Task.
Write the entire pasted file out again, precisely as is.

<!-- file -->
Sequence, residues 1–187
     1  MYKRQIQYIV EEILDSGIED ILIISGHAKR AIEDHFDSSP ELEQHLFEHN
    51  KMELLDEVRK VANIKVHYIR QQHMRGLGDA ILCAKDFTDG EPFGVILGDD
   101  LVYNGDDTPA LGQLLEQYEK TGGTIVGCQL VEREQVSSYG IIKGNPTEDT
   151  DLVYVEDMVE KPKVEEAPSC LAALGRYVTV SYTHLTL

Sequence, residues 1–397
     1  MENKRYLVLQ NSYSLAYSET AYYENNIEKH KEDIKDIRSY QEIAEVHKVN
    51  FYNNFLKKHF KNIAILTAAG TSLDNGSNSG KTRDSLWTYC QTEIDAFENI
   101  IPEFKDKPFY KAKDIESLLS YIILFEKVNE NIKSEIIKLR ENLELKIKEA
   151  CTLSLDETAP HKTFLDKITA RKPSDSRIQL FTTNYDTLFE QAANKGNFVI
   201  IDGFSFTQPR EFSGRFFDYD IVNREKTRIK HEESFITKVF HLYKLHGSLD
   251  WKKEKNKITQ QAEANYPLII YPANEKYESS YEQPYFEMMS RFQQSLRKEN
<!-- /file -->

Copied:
Sequence, residues 1–187
     1  MYKRQIQYIV EEILDSGIED ILIISGHAKR AIEDHFDSSP ELEQHLFEHN
    51  KMELLDEVRK VANIKVHYIR QQHMRGLGDA ILCAKDFTDG EPFGVILGDD
   101  LVYNGDDTPA LGQLLEQYEK TGGTIVGCQL VEREQVSSYG IIKGNPTEDT
   151  DLVYVEDMVE KPKVEEAPSC LAALGRYVTV SYTHLTL

Sequence, residues 1–397
     1  MENKRYLVLQ NSYSLAYSET AYYENNIEKH KEDIKDIRSY QEIAEVHKVN
    51  FYNNFLKKHF KNIAILTAAG TSLDNGSNSG KTRDSLWTYC QTEIDAFENI
   101  IPEFKDKPFY KAKDIESLLS YIILFEKVNE NIKSEIIKLR ENLELKIKEA
   151  CTLSLDETAP HKTFLDKITA RKPSDSRIQL FTTNYDTLFE QAANKGNFVI
   201  IDGFSFTQPR EFSGRFFDYD IVNREKTRIK HEESFITKVF HLYKLHGSLD
   251  WKKEKNKITQ QAEANYPLII YPANEKYESS YEQPYFEMMS RFQQSLRKEN